Skill Level 3. Previous experience recommended.
These models are the creation of card modeler Jerry Vondeling, based on my Titanic kit. They build into 1:1200 scale waterline replicas of the Britannic and are approximately 9 inches long when complete.
You will need a colour printer capable of handling card or cover stock to print the parts sheets. 67 lb cover stock (approx 8.5 thousandths of an inch or 0.2 mm thick) is recommended.
The Britannic was the third and last of the Olympic-class ocean liners built for the White Star Line. She was built at the Belfast yard of Harland & Wolff and was launched on 26 February 1914. Although generally similar in appearance to the Olympic and Titanic, her greater breadth gave her an increased tonnage of 48,158 grt.
The Britannic was in the very early stages of construction when the Titanic sank, and the builders were able to incorporate improvements in her watertight subdivision, including the provision of a double hull along much of her length. Additionally, large gantry davits were installed on the boat deck to allow lifeboat accommodation for all on board.
Hospital Ship Service
Due to the outbreak of war in August 1914 work progressed slowly, but by late 1915 the ship was largely complete and in November she was requisitioned by the Admiralty for use in transporting the large numbers of wounded from the Mediterranean theatre of war. The great ship was painted white, with green stripes and red crosses indicating her status as a hospital ship. After three voyages in this service the ship was discharged and work began refitting her as a passenger ship, but in July 1916 she was again requisitioned and returned to duty as a hospital ship.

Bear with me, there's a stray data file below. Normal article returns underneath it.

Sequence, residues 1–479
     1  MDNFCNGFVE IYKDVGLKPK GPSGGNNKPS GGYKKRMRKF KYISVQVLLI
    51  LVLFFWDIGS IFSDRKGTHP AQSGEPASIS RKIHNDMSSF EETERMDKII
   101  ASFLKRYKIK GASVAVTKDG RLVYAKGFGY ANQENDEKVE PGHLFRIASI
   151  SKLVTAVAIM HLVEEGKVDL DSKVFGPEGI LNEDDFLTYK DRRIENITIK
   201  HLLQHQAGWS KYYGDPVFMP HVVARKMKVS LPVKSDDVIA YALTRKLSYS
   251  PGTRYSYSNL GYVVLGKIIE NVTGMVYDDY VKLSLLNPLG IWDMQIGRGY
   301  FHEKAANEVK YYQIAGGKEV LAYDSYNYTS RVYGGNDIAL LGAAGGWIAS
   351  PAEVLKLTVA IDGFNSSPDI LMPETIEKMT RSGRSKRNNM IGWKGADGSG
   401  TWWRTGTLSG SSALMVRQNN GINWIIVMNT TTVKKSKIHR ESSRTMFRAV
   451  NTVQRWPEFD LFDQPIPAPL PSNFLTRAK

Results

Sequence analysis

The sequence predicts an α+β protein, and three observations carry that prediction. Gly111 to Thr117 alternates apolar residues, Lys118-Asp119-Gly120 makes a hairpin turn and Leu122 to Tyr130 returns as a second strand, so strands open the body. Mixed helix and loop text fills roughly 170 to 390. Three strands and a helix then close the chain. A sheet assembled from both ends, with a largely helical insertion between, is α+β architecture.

On 21 November 1916, while en route to Mudros on her sixth voyage, the Britannic struck a mine near the Greek island of Kea. Despite her improved watertight construction the damage caused the submergence of many open portholes near the waterline and the ship was doomed. Captain Bartlett attempted to save his ship by grounding her on Kea Island. Two lifeboats, launched without orders, were drawn into the spinning propellers and destroyed causing many deaths and injuries. The Captain then stopped the engines and gave the order to abandon ship. The remaining people on board evacuated and the ship rolled on her starboard side before sinking, less than an hour after striking the mine.
Despite the catastrophic loss of the two lifeboats only 30 people of the 1,066 on board lost their lives, a tribute to the improved lifesaving apparatus and to the efforts of rescuing ships. The Britannic was the largest ship lost in the war and today the wreck lies, largely intact, in about 400 feet of water.
Last updated 26 June 2013
Copyright 2009-2013 by Ralph Currell